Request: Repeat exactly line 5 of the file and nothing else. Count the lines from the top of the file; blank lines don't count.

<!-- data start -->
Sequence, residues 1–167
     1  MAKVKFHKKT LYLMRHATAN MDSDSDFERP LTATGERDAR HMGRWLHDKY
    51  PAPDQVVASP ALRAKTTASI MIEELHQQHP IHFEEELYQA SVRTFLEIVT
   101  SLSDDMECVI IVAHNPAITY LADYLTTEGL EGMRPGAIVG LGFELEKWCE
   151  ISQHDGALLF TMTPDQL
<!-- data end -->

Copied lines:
   151  ISQHDGALLF TMTPDQL